Much to the chagrin of some, a Nobel-winning scientist insists that DNA can effectively teleport itself to nearby cells.
In many sci-fi stories, teleportation is achieved by digitizing the human body and sending it, at lightspeed, somewhere else to be re-assembled. According to Luc Montagnier, DNA already does this.
Rousing the ire of many chemists, Montagnier is shopping a paper around for publication which essentially states that DNA emits a weak electromagnetic field which can imprint the information contained in the molecule via a bunch of quantum stuff which I'm just going to call "magic". Using this "magic", the DNA imprints its genetic information in nearby water strong enough that the enzymes in cells responsible for copying DNA mistake it for being real DNA. They then go about their business of copying this ghost-DNA, producing a real copy of the teleported genetic information.
To prove this, Montagnier sealed 2 test tubes away from the earth's magnetic field, one containing a 100 base long strand of DNA, and one containing pure water. He proceeded to do a bunch of science things I don't understand, but essentially he put them in a copper coil and applied an electromagnetic field of 7 hertz to the two tubes. He then ran the contents of the tubes through a polymerase chain reaction, which basically is an enzyme that copies DNA. The DNA string was found in both tubes.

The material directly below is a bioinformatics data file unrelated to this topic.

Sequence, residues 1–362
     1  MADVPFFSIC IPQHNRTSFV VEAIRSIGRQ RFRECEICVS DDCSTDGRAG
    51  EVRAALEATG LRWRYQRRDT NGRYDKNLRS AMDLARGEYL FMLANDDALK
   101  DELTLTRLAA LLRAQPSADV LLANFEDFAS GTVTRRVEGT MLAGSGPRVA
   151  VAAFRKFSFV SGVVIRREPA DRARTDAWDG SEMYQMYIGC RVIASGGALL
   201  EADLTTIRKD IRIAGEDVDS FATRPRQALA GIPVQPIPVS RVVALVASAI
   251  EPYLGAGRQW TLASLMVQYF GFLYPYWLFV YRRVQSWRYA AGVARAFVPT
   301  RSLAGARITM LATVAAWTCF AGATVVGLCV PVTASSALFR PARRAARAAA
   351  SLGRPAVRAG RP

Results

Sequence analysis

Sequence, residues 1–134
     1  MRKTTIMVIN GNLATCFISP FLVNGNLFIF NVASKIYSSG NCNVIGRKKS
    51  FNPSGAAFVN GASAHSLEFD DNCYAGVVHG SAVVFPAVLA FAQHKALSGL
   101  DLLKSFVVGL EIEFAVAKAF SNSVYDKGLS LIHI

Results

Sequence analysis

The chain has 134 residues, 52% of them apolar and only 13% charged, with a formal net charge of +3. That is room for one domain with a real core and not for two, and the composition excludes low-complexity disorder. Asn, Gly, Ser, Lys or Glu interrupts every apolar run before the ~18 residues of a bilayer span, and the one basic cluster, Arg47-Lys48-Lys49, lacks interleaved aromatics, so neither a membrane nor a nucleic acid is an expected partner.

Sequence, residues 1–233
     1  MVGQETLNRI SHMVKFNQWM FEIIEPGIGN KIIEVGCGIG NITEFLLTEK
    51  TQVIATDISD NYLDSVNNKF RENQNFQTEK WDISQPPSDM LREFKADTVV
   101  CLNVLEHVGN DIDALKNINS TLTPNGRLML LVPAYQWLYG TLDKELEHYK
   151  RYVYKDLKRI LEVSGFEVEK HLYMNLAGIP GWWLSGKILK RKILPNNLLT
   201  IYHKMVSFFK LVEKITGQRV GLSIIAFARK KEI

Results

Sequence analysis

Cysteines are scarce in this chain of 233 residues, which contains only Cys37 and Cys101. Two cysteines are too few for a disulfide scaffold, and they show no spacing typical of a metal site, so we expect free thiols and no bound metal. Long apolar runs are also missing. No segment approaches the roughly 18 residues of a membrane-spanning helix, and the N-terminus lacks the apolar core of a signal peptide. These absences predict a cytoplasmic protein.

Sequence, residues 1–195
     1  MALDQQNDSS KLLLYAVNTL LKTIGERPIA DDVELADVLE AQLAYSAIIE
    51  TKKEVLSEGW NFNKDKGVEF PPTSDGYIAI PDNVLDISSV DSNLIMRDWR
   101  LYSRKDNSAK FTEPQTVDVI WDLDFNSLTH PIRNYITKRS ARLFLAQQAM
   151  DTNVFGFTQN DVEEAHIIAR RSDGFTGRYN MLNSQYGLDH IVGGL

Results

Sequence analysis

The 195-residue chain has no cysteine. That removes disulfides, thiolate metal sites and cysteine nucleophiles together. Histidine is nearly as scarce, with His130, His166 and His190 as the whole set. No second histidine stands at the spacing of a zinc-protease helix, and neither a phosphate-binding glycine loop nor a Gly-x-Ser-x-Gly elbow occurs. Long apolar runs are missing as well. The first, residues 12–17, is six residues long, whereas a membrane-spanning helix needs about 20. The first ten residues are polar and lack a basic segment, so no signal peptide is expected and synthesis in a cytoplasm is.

Like I said, magic.
The experiment has not yet been peer-reviewed or even officially published, so it could all be a figment of Montagnier's imagination, but that doesn't prevent the results from causing a stir in the scientific community. "If the results are correct, these would be the most significant experiments performed in the past 90 years, demanding re-evaluation of the whole conceptual framework of modern chemistry," says theoretical chemist Jeff Reimers of the University of Sydney.
Not everyone agrees with Reimers, however. Klaus Gerwert, an expert in how water and biomolecules interact says, "It is hard to understand how the information can be stored within water over a timescale longer than picoseconds." Felix Franks, known for helping to debunk similar findings in a 1988 paper, says "The structure would be destroyed instantly. Water has no 'memory'. You can't make an imprint in it and recover it later."
I don't know about you, but I am eagerly awaiting some peer-reviewers to determine, for certain, if I am built of magically teleporting quantum molecules.
Source: New Scientist